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The Reality of Dementia and Alzheimers
I think everyone knows their own Miss Mary. She's so full of like and always knows the latest bacchanal or juicy piece of gossip. As we Trinidadians say, “The pot is always bubbling.” From pelau, to chicken foot souse, to Christmas time when the ham, pastelles and fruit cake start making an appearance.
Every Saturday two very good friends Pam and Miss Mary would meet for what they like to call 'girl time.' Apart from being very good friends, their children grew up together and their husbands also became very close. This is the perfect story of persons that were once strangers becoming tight-knit enough to be family.
One day, Pam gets a call from Miss Mary saying that she was diagnosed with early Dementia. This somber mood puts the ladies in a different frame of mind. Not knowing fully what the future holds for Miss Mary was a frightening thought. Would the Dementia put an end to this friendship? Would Miss Mary still be able to perform her daily functions? Will Miss Mary forget Pam and the beautiful friendship they share?
The Saturday routines continued for about two months after. Then, the calls began. Pam got the call from Miss Mary's daughter, June saying that she's not feeling well today. This continued for six consecutive Saturdays.
Not only was Miss Mary battling with her early Dementia, but Pam herself was faced with a level of loneliness; her children became very concerned for the well being of both ladies. Fortunately, the children were also very close and came up with a great solution- organising for both women to meet. The first Saturday went very well and once again, the house was filled with laughter, good times and good memories. However, Miss Mary was on medication that made her a bit drowsy making the time spent together shorter than usual. Pam wanted to support her friend so, she stayed with her while she slept for two hours. When she got up, the ladies were at it again.
Pam took the time to learn about Dementia and what should be expected. She was determined that no matter what, she was not going to lose her friendship or let Miss Mary go through this alone.
A few years went by and one unfortunate night, Pam fell and damaged her hip. Pam needed surgery to correct the injury and was then subjected to therapy which helped, but it did not allow for full mobility.
But again, the children stepped in and came up with another brilliant idea. They decided that the roles were reversed and Miss Mary would now go to see Pam. The children took care of the cooking, while the ladies sat in the porch. Sometimes they spoke and other times they just sat in silence and enjoyed each other's company.
The comfort, togetherness and the bond that was forged from so many years ago, allows for words to sometimes go unspoken.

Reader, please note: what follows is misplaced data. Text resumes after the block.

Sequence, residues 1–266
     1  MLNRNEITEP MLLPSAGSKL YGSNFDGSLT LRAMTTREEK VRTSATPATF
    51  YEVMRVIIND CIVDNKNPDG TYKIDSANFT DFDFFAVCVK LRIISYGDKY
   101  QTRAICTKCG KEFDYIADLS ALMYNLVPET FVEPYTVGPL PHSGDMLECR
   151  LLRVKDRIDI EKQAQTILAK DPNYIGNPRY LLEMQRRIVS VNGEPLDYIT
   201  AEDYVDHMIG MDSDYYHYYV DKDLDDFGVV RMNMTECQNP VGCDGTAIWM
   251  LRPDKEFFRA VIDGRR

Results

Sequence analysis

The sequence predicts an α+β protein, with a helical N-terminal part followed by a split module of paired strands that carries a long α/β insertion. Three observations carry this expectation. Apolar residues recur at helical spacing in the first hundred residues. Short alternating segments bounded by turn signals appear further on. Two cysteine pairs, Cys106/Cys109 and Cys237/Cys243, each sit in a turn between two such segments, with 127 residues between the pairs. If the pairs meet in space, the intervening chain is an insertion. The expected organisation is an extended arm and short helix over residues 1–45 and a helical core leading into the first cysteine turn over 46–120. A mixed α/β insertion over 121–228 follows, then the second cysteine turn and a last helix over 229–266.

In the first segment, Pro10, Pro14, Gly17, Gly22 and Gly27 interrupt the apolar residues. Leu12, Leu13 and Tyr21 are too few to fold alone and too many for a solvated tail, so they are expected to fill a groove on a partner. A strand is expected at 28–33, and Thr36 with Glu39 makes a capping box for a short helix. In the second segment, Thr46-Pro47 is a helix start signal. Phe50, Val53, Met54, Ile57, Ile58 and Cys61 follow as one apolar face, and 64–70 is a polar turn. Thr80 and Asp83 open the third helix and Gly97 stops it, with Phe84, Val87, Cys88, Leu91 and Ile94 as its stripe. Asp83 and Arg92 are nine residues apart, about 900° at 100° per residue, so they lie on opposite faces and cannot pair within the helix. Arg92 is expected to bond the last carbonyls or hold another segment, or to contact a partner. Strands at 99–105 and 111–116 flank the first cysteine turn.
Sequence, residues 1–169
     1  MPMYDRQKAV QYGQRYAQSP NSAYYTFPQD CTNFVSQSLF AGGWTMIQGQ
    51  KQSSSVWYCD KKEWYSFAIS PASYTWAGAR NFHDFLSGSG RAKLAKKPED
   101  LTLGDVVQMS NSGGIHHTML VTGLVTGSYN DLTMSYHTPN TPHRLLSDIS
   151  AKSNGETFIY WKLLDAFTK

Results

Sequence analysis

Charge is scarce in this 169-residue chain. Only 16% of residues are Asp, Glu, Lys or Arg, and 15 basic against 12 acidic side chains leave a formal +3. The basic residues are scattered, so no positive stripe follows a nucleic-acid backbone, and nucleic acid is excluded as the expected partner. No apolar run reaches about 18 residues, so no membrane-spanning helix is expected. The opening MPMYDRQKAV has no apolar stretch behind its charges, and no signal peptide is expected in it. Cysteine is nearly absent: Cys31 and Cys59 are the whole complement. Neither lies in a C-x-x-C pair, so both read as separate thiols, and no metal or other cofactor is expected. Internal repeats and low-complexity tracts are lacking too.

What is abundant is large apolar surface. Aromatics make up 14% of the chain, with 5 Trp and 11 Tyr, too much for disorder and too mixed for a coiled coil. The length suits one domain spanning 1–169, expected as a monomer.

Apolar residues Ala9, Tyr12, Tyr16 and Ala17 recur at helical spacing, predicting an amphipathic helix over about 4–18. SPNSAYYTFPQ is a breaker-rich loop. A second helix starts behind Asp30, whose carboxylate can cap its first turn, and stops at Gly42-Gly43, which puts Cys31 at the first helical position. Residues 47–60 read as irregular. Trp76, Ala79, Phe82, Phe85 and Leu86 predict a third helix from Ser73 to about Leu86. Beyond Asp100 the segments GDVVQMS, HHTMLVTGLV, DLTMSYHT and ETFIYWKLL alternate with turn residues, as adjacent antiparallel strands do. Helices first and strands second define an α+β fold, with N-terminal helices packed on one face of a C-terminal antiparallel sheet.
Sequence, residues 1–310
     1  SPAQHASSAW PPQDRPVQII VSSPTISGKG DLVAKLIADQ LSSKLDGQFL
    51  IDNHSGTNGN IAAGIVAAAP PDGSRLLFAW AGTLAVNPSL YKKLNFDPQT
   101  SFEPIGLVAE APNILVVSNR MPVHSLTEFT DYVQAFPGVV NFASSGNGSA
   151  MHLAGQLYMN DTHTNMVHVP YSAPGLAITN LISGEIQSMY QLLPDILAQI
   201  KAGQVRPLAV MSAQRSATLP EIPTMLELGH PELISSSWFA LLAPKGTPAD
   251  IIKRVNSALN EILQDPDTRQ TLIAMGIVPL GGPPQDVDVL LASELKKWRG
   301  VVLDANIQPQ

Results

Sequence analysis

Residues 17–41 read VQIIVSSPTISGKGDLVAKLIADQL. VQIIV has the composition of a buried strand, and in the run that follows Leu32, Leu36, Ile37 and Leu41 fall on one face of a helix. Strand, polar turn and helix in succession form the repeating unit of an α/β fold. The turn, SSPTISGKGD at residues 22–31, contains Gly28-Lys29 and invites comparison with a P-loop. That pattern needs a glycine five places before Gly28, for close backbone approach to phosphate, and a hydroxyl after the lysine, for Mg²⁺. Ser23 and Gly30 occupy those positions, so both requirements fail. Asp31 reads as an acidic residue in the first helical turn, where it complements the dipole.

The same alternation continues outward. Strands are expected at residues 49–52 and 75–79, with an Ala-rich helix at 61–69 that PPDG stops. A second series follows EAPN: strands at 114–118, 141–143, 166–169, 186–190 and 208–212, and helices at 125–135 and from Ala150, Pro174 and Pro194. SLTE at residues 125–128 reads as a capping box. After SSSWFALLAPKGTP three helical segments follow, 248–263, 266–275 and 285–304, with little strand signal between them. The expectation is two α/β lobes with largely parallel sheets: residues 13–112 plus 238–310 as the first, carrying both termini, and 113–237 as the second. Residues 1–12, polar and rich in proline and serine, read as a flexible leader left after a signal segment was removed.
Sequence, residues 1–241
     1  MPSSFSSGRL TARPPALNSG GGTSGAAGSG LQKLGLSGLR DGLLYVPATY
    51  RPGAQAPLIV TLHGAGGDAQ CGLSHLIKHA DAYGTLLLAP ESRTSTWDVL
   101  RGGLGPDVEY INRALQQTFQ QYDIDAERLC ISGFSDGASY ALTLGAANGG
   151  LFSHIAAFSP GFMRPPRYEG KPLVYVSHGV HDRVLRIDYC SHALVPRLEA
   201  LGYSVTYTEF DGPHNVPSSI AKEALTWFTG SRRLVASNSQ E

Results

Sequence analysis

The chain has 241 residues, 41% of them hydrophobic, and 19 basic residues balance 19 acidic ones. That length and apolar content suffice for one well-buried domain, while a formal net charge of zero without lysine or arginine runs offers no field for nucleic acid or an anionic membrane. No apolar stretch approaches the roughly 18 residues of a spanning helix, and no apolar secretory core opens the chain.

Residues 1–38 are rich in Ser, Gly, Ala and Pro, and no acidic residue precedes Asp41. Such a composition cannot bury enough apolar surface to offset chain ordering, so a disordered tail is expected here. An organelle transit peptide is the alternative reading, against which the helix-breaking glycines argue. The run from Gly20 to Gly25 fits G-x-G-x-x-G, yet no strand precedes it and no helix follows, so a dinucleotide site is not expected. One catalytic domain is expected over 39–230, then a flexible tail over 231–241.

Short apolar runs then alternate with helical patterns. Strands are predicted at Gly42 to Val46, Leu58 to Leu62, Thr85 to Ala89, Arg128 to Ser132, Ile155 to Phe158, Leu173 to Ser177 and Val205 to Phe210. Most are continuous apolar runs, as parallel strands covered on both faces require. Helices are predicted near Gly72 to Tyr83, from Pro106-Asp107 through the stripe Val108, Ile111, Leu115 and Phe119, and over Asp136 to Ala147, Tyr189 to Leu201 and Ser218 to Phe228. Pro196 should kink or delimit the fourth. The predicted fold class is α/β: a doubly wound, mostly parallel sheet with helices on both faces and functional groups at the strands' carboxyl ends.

Alzheimer's and Dementia are still a mystery in many ways. This is why the two similar diseases are often mixed up in everyday conversation and understanding. According to the National Institute of Aging (NIA), Dementia is a brain disorder that affects communication and performance of daily activities. Alzheimer's disease is a form of dementia that specifically affects parts of the brain that controls thought, memory and language.
What is Dementia?
Dementia is an umbrella term for a set of symptoms including impaired thinking and memory. It is a term that is often associated with the cognitive decline of aging. However, issues other than Alzheimer's can cause Dementia. Other common causes of dementia are Huntington's Disease, Parkinson's Disease and Creutzfeldt-Jakob Disease.
What is Alzheimer's Disease?
According to the Center for Diseases Control, Alzheimer's disease is a common cause of dementia resulting in as many as 50 percent to 70 percent of all dementia cases. In fact, Alzheimer's is a very specific form of dementia.
Symptoms of Alzheimer's include:
- Impaired thought
- Impaired speech
Doctors use a variety of screenings to determine the cause of dementia including blood tests, mental status evaluations and brain scans.
How are They Different?
When a person is diagnosed with dementia, they are being diagnosed with a set of symptoms. This is similar to someone who has a sore throat with an unknown cause. It may be allergies, strep throat, or a common cold. Similarly, when someone has dementia they are experiencing symptoms without being told what specifically is causing those symptoms.
Another major difference between the two is that Alzheimer's is not a reversible disease. It is degenerative and incurable at this time. Some forms of dementia, such as a drug interaction or a vitamin deficiency, are actually reversible or temporary.
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